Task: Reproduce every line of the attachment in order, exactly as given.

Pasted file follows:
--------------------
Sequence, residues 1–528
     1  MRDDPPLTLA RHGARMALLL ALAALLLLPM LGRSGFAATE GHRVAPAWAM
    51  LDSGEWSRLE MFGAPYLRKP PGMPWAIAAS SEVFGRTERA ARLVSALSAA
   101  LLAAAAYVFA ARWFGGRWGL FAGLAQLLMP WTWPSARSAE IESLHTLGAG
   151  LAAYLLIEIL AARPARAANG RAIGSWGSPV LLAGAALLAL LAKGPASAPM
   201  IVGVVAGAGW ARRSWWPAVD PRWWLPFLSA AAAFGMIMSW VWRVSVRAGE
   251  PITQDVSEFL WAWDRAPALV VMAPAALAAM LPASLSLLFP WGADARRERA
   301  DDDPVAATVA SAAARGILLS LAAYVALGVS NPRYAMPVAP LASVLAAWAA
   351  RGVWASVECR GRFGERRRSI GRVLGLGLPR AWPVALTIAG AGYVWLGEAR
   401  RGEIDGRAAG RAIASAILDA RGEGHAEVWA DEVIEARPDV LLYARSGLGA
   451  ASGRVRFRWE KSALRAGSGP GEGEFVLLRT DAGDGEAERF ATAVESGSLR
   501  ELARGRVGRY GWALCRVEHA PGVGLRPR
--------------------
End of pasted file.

Sequence, residues 1–528
     1  MRDDPPLTLA RHGARMALLL ALAALLLLPM LGRSGFAATE GHRVAPAWAM
    51  LDSGEWSRLE MFGAPYLRKP PGMPWAIAAS SEVFGRTERA ARLVSALSAA
   101  LLAAAAYVFA ARWFGGRWGL FAGLAQLLMP WTWPSARSAE IESLHTLGAG
   151  LAAYLLIEIL AARPARAANG RAIGSWGSPV LLAGAALLAL LAKGPASAPM
   201  IVGVVAGAGW ARRSWWPAVD PRWWLPFLSA AAAFGMIMSW VWRVSVRAGE
   251  PITQDVSEFL WAWDRAPALV VMAPAALAAM LPASLSLLFP WGADARRERA
   301  DDDPVAATVA SAAARGILLS LAAYVALGVS NPRYAMPVAP LASVLAAWAA
   351  RGVWASVECR GRFGERRRSI GRVLGLGLPR AWPVALTIAG AGYVWLGEAR
   401  RGEIDGRAAG RAIASAILDA RGEGHAEVWA DEVIEARPDV LLYARSGLGA
   451  ASGRVRFRWE KSALRAGSGP GEGEFVLLRT DAGDGEAERF ATAVESGSLR
   501  ELARGRVGRY GWALCRVEHA PGVGLRPR